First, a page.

- No. I'll be honest, I had no idea if I would even receive ten responses. I have literally emailed some of my friends in the industry in hopes that they'll contribute towards this humanitarian cause. I was incredibly impressed, humbled, and honored by the response I have received. More than anything, I was also proud of how well everything came together - I've had every single submission by the deadline in my mailbox, giving me plenty of time to work out the kinks. I was hoping to split up the compilation into multiple parts, but I chose the simpler route, making it easy for a potential buyer to make the decision. I could have easily gone to a hundred, but I finally had to draw the line.

You have a huge amount of folks in the artist roster, is there any specific artist(s) which you find especially pleasing to include on the album in question?
- There are a few of my personal idols that I'm honored to have had contributed. Clint Mansell is definitely one of them, as are Max Richter, Jóhann Jóhannsson, Nils Frahm, Hauschka, Dustin O'Halloran, Ólafur Arnalds and many, many others. As you can see (and hopefully hear), I really enjoy cinematic orchestral music with a piano at the center stage. I've been a fan of all of the above artists for years, and own every single one of their releases, so it is a true honor to see Headphone Commute (as a label) be part of their catalog.

The spirit of the work goes against the grain of an explicit positiveness associated with benefit-albums. What are your thoughts on the emotive aspects of the album?
- The entire compilation follows a particular trajectory of a natural disaster. Although not explicitly positive, there is a narrative throughout the tracks (and their arrangement) that deals with loss, grief, and finally acceptance. At the same time it touches on resurrection and rebuilding of the life we've known. This is something to do with a circle of life, as we all live through these cycles. I don't think that the work is particularly sad, but rather meditative, contemplating and calm.

Listening to the work front to back, what is your own emotional response to the work in question?
- The 6+ hour journey is meant to trace the feelings of the devastating events by those who’ve experienced it, and those who’ve reacted to it from afar. All of the pieces are emotionally charged and are meant to evoke a particular feeling as communicated by the artist on the other side. I tend to connect with each track on a different level. And if a particular piece makes me feel… if it makes me feel _anything_ at all… then the goal has been accomplished.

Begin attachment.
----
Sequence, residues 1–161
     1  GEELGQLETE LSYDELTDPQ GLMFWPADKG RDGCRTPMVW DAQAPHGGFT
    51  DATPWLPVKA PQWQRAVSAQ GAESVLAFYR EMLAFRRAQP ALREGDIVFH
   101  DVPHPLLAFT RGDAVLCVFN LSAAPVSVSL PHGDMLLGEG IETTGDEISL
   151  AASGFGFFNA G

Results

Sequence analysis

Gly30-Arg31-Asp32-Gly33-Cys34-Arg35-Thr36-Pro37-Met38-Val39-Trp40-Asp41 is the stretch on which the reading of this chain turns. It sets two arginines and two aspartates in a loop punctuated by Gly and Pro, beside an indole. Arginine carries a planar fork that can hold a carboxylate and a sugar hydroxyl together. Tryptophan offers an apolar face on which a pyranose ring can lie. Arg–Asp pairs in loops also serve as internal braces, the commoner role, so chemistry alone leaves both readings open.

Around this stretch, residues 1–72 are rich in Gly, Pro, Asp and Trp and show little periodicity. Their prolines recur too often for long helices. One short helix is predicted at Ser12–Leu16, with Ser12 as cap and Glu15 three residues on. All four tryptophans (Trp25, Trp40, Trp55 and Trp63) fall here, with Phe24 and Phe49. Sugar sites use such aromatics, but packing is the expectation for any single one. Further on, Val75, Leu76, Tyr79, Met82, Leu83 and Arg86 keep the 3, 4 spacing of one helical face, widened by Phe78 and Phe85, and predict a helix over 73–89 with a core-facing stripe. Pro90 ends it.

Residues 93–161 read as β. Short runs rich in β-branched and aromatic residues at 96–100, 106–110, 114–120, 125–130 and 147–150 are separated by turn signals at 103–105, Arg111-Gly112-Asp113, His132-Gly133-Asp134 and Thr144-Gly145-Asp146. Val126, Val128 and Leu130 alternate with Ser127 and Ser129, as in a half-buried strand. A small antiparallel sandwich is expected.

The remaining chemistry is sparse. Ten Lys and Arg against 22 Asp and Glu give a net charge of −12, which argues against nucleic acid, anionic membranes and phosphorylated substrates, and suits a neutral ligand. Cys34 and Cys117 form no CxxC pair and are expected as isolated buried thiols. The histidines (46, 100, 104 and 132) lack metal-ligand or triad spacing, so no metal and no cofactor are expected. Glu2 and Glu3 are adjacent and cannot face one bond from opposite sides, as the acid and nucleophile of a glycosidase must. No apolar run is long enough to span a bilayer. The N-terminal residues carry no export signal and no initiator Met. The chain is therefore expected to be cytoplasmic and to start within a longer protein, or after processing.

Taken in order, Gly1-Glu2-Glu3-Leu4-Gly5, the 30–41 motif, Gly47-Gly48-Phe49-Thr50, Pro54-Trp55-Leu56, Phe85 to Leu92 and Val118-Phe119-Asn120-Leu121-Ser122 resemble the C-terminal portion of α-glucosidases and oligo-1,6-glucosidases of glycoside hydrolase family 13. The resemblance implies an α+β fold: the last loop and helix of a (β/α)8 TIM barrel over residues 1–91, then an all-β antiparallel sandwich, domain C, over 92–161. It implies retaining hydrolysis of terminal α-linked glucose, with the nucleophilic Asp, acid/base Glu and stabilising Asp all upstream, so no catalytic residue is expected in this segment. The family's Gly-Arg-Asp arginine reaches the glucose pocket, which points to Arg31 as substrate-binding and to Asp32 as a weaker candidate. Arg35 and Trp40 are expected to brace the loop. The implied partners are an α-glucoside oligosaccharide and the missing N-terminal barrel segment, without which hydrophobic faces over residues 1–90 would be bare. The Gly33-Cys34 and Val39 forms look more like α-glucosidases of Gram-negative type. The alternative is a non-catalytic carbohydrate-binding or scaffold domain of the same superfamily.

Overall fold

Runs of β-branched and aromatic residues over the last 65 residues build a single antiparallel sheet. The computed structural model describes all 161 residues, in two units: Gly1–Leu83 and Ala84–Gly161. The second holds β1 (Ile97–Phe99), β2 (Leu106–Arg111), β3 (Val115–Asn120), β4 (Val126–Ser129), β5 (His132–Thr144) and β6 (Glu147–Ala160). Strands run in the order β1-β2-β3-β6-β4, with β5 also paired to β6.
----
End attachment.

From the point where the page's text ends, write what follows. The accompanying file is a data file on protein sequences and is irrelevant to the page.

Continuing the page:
The benefits will go to Doctors without borders and The Humane Society. Why did you choose these specific organizations in question?
- I’ve spent some time researching the charitable organizations that would properly use the funds across the globe. In particular, I didn’t want this to be just about New York or United States. Hurricane Sandy has devastated portions of the Caribbean, Mid-Atlantic and, of course, the US. But I would hate for the world to think, “oh, we’ve had natural disasters and no one cared, but now that it’s America, everyone is paying attention!” That part may be true – but why not take that particular thought and make something bigger, and allow our voices to be heard across the globe. The organizations selected have been approved by the artists contributing towards the cause as the ones that provide relief services worldwide. I am hoping that although the compilation focuses on Hurricane Sandy, the funds will go towards any and all humanitarian causes. And of course animals are covered as well!

Last but not least, what are your goals and hopes when it comes to …and darkness came?
- I want it to create positive vibes in the world on multiple levels. Sure, I want it to raise money and benefit the charities. But I also want the world be introduced to some wonderful music and the artists behind each track. I really want it to be a win-win for everyone and fail to see how it could possibly go wrong! I have no other hidden agenda, no ego, and no financial gain behind this project. Removing those particular evils from anything I've been involved with has really been working for me till this day, and hope to continue and deliver projects in unprecedented quality that speak for themselves. I hope the world will agree...

Text: Robert Halvarsson